Each year, the process begins when the governor presents an Executive budget proposal to the Assembly and Senate. The governor alone has the authority to put forward a budget that can be passed into law. This year, Governor Cuomo put forward his Executive budget proposal on February 1st. Following this proposal, both the Assembly and Senate began to examine the bill, determine where they believe changes need to be made, and negotiate over what will be kept and what will be changed in order to be acceptable to both houses.

However, the ability of the Legislature to make changes to a major section of the governor’s budget, known as the “appropriations bill,” is constrained by the State Constitution. The Constitution declares the two houses “may not alter an appropriation bill submitted by the governor except to strike out or reduce items therein.” This means that for this section of the budget, the Legislature cannot increase or reallocate funding items that the governor has designated for a specific purpose.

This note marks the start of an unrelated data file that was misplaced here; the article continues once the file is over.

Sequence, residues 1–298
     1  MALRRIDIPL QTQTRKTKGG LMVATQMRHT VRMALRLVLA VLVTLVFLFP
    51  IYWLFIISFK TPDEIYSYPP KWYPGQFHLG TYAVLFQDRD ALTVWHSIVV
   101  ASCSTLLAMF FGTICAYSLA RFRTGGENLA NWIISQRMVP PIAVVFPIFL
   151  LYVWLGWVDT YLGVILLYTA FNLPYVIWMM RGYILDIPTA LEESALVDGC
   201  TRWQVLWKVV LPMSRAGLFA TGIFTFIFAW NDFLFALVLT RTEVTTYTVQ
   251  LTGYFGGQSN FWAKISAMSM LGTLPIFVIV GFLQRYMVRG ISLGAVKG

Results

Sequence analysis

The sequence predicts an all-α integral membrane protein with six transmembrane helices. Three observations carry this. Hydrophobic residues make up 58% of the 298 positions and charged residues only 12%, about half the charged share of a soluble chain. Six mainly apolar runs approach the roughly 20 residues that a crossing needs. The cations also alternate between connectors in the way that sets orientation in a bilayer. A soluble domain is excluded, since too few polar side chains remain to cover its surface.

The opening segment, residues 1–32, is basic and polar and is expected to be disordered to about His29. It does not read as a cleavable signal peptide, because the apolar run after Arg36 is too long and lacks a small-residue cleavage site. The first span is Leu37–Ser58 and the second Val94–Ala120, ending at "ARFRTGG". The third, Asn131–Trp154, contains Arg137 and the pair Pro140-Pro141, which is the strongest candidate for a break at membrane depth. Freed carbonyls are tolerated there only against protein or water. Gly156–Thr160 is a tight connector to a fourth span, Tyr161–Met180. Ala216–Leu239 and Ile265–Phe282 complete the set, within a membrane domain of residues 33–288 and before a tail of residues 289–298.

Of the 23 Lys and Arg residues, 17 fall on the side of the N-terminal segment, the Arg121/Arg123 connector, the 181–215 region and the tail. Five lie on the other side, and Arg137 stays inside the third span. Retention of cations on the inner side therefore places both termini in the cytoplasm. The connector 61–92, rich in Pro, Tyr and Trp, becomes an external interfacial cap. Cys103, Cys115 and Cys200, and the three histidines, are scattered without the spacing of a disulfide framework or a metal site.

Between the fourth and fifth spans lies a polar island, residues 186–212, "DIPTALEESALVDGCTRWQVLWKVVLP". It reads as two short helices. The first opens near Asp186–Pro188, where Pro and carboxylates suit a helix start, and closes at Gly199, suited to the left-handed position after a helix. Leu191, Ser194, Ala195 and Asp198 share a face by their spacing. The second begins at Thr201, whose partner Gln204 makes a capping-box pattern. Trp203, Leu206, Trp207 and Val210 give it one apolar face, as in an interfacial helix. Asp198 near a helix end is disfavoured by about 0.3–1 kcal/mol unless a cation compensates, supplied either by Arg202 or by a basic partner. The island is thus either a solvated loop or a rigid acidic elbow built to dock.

The Legislature may, however, include new appropriation lines for items not dealt with by the governor in the budget, so long as they are not acting in substitution for another. If there are portions of the appropriations bill for which the Legislature negotiates a change with the Governor but lacks the power to make the change itself, the Governor then can resubmit a new version of the budget.

Finally, once negotiations are complete and the bills are approved by the Legislature, items submitted by the Governor automatically become law and do not need to return to the governor for his signature in the way all other bills need to do. However, should the governor find new items of appropriations added by the legislature unacceptable, he is able to veto those sections. If the vetoes are not overridden by the Legislature, the budget is enacted as-is. The budget is due by April 1st, the start of the new fiscal year.